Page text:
Since it was a long way we did not stop anywhere, although we could have a look at the famous battlefield Grunwald, where in 1410 king Wladyslaw Jagiello defeated a Teutonic army.
TORUŃ / July 15-16
Accommodation: Hotel “Under the Black Rose”, very charming and conveniently located in the Old Town, but in the rooms of the courtyard air conditioning unit from a nearby restaurant made a big noise.
Situated by Vistula River, Toruń made us fall in love at first sight. The first evening in the old, beautifully lit city brought us an unforgettable experience.
Toruń should formally start our Teutonic castles trail because it was here that Teutonic Knights began their conquest of Prussia and here, in 1230, they built their first castle (today non-existing anymore). They actually turned the Slavic settlement in the real city. The castle was destroyed by the inhabitants of Toruń during anti-Teuton uprising in 1454. In 15th century, during Polish-Teutonic wars, the very rich city played a huge role in helping financially Polish king. Since 1466 it was incorporated into Poland. Here in 1473 Nicolaus Copernicus was born.
Since 1557 Toruń was a major center of Polish Protestantism. Toruń greatest glory years fall on 16th and 17th century, then the city began to decline. After the second partition of Poland in 1793 was incorporated into Prussia, but after WW I returned to Poland again, however never regained its former position. Toruń is famous not only for Copernicus but also for delicious gingerbread cookies.
Toruń Old Town Team is one of the most valuable historic teams in Poland, and has its place on UNESCO World Heritage List. Its 13th century urban layout has been preserved almost unchanged, authentic are the defending walls surrounding the city on the Vistula banks. Beautifully lit, creating the most beautiful skyline in Europe, which can be enjoyed from a special place of vantage on the other side of Vistula.
Torun by night – panorama
During our one day tour we visited ruins of a Teutonic castle and the museum of Nicolaus Copernicus (exhibition consists mostly of fascimiles of the documents and the reconstruictions of astronomical instruments, almost no real memorabilia of the famous astronomer are be seen here). We made a long walk on the Old Marketplace. Beautiful weather allowed us to spend the evenings in the charming outdoor restaurant “Manekin” from where we could admire the beautifully lit buildings and trees adorned with lights.
Ruins of the Teuton castle and copies of documents in Museum of Copernicus (click to enlarge)
ROUTE: GNIEZNO – SKANSEN DZIEKANOWICE – POZNAŃ / July 17th July
(165 km / 3 hours)
After leaving the Toruń and Teutonic castles route, we entered the Wielkopolska (Great Poland), where the Polish state, ruled by Piast dynasty, originated in the 11th century. We intended visiting a couple of places associated with the beginnings of the Piast state (Strzelno, Mogilno, Gniezno, Ostrów Lednicki) but incredible heat forced us to slow down and eventually reach sightseeing only two places.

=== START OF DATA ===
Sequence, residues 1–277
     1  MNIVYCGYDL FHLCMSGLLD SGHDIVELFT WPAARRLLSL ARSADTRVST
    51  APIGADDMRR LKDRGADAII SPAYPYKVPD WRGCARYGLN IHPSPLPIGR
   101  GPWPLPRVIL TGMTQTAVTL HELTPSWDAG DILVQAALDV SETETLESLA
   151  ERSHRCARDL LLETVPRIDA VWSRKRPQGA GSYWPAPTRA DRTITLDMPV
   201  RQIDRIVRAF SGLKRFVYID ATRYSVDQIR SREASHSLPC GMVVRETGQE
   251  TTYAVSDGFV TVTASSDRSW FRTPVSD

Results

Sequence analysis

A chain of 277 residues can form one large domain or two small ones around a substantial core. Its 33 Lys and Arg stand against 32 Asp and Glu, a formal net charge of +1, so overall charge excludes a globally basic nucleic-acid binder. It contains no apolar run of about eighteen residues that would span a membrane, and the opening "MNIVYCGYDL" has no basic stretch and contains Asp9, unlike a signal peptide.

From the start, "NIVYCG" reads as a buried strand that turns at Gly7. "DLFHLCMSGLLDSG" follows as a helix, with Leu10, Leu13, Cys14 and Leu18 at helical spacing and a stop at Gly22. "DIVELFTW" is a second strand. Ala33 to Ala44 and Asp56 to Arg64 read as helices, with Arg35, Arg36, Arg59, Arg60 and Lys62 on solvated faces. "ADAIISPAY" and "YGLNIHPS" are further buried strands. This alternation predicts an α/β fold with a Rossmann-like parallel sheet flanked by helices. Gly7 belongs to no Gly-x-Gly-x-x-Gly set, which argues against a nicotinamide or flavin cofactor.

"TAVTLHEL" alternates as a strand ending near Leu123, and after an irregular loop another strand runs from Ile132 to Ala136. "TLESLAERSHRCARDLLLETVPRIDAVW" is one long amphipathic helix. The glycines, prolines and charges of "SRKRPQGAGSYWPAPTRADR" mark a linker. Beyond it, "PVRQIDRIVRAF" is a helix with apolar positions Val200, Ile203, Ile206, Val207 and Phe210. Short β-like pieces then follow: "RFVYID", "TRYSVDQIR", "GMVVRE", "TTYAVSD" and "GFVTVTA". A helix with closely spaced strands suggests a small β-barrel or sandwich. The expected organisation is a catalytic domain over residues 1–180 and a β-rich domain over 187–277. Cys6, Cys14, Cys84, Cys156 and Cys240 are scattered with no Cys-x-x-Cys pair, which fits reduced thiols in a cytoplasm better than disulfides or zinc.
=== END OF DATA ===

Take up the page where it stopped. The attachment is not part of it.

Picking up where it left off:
This is the first Polish capital and the coronation place of the first five kings. The Slavic city grew in importance when the temple was raised to bury the corpse of the missionary Adalbert, who was murdered in 997 by Prussians near Elbląg. The ruler Bolesław Chrobry (the Brave) offered for the body of Adalbert as much gold as it weighed. A wise ruler was aware of the importance of this event as a martyr raised in Gniezno enabled creation of ecclesiastical metropolis here, what was a condition for obtaining the crown by the Polish ruler. And he was the first to be crowned what had place in 1025 (his statue stands near the cathedral). Earlier, in the year 1,00 in Gniezno there was a historic meeting of Boleslaw Chrobry and the German Emperor Otto III who supported the future king.
The present Gothic cathedral dates from the 14th century. Beautiful silver sarcophagus with remains of the missionary is exposed at the altar part of the cathedral. Scenes from the life of st. Adalbert are shown in bronze bas-reliefs of the 12ve century old cathedral doors – it is one of the most precious relics in Poland.
St. Adalbert sarcophagus
There is also a Museum of the Origins of the Polish State in Gniezno. Unfortunately, the Piast era relics outside cathedral are nonexisting anymore, since the city was destroyed by the great fire in the 19th century.
The Wielkopolska Ethnographic Park of Great Poland in Dziekanowice
A bit away from the main road to Poznan, in a village called Dziekanowice, there is the Wielkopolska Ethnographic Park worth to see. This is one of the most interesting exhibitions of this kind in Poland.
Typical Polish manor house from the end of the 18th century